Even more so, he's created a bunch of dungeons spread across the planet full of treasure as well as magical items designed to simulate leveling up. Dolos outfits the pair with a couple of orbs and tells them to go onward, Christian soldier, and kill some monsters for loot. The rest of the book follows them in their confused attempt to deal with the fact they're now trapped in a Gygaxian death world.
As the writer of the Supervillainy Saga series, I'm aware of a rule which Blaise Corvin seems to be, which is that any premise can be sold to the reader as long as its implication are well thought out as well as presented sincerely. The idea of a god playing hack and slash rpging with real people is absolutely insane but it works wonderfully because the characters take it seriously. They discuss things ranging from: "is it right to kill people", "are the monsters we're killing actual people", "how do we survive in a world based on violence", and "can we get home?"
If I have any real complaint about the book, it's that Jason and Henry are a little too well-adjusted to the insanity around them. I'd have thrown in a bit more, "Is that a ****ing elf? That is a ****ing elf!" Then again, Jason has the ambition of nailing a cat girl before he discovers they're not the anime kind so I can't complain too much. Jason and Henry may be both straight men but they each have specialties with the former being a trained soldier while the latter having a science-fiction/fantasy background.
Really, I'm pleased to say the supporting cast from Ludus is even more interesting than the protagonists. Mareen and Uluula are more than mere love interests for the character with the former being a fairly well developed fantasy archetype (farm girl turned adventuress) while the latter is a Space Elf stuck on a planet full of primitive screwheads. I'm also pleased Corvin tackled the issues of romance, courtship, and sexual taboos are different on Ludus than Earth. It may sound a bit peculiar but I'm actually interested in seeing if Corvin will tackle polyamory in the setting. The rest of their adventuring company is also entertaining with their own arcs and story beats.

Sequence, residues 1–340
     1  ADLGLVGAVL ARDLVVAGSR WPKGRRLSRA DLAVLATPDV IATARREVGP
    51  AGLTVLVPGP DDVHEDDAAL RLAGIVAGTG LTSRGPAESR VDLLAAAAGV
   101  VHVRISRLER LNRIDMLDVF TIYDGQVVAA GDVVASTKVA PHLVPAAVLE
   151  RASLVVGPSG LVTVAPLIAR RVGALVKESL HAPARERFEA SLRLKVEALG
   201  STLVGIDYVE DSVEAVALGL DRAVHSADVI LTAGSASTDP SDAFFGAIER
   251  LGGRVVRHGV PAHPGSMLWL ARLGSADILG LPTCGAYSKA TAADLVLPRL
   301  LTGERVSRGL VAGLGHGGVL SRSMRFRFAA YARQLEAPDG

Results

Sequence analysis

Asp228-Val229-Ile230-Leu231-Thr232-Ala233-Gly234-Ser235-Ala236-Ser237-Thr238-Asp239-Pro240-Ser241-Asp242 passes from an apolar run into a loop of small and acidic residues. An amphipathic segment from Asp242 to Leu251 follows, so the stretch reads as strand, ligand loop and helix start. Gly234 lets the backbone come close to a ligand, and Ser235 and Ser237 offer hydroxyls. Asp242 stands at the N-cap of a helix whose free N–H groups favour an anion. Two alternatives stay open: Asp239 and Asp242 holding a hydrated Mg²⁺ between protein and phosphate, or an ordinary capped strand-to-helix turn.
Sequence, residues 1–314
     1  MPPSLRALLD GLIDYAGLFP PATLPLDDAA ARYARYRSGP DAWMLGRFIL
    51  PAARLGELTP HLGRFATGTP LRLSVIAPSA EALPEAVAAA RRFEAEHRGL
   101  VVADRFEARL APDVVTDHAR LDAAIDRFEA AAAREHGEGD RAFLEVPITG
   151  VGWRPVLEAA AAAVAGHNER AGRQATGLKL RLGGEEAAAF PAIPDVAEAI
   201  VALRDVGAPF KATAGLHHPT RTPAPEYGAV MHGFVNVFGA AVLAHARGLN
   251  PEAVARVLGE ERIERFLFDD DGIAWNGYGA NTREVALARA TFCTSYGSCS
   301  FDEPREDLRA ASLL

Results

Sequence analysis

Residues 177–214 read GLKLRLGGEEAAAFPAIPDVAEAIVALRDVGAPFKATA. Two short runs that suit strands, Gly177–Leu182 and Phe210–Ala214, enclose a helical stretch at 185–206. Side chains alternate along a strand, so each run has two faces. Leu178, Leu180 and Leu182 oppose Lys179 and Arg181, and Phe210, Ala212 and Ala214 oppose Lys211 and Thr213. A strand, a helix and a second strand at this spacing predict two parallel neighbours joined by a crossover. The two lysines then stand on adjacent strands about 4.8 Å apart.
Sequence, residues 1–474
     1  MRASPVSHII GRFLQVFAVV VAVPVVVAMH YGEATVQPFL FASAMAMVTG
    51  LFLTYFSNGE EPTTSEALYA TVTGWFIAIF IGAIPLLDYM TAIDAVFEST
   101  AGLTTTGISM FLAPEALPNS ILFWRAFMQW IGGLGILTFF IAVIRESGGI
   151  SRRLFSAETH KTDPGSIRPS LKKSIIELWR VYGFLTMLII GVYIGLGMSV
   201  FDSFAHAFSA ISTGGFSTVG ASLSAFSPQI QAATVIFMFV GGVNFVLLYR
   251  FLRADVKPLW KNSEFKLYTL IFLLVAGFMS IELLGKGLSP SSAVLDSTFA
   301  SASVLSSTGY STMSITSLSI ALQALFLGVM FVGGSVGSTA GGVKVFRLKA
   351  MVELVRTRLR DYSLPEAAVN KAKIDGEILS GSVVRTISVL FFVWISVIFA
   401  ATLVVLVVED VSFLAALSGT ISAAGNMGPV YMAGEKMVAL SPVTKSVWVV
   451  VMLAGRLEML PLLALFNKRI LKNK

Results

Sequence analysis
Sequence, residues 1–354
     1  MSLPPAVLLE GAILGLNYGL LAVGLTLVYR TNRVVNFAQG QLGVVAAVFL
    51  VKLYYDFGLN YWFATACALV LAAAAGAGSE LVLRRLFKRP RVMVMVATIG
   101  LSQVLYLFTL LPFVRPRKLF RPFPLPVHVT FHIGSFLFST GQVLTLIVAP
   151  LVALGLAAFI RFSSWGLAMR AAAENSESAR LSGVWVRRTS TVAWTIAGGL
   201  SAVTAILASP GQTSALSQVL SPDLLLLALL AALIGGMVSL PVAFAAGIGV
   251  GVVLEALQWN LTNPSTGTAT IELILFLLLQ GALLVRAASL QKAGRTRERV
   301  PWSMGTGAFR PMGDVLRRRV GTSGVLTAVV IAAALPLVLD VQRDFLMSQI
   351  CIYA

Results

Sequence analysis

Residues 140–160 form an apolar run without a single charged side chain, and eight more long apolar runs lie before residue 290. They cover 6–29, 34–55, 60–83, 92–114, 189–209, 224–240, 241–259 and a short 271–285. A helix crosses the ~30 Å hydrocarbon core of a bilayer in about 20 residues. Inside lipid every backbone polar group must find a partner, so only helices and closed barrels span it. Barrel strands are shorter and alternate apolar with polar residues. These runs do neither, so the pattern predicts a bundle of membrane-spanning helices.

Dolos, himself, is a great character and a fine fantasy villain that comes close to being Handsome Jack levels of hateable. For example, one thing I loved is how he misleads the various races into killing one another while making it seem it's all in good vs. evil fun. That's some dark and disgusting stuff from a man who is just doing this as a giant experiment. The cover of my copy really captures what a smug jackass he is, complete with little crown.
A fair warning for more sensitive souls, part of how the book sells its premise is the fact violence is unsanitized. People die horribly in the setting and Ludus is kind of a hellhole where the strong prey on the weak. There's allusions to rape and sexual slavery as well as one scene where a female character has to fight off a sexual predator. The dissonance with the colorful premise gives the book a distinct flavor, though.
In conclusion, I recommend Delvers quite strongly. It's entertaining and has an original premise with characters I actually care about. The women are arguably more interesting than the men but I wanted them to hook up with their love interests--which is rarely something I care about in books. I also like the set up for a full-length series as a lot of seeds are planted for the eventual fall of Dolos (or not).
88 of 90 people found this review helpful
The authors writing style resonates with me as a veteran. It's a well written and fun book. The narrator is equally fantastic.
5 of 5 people found this review helpful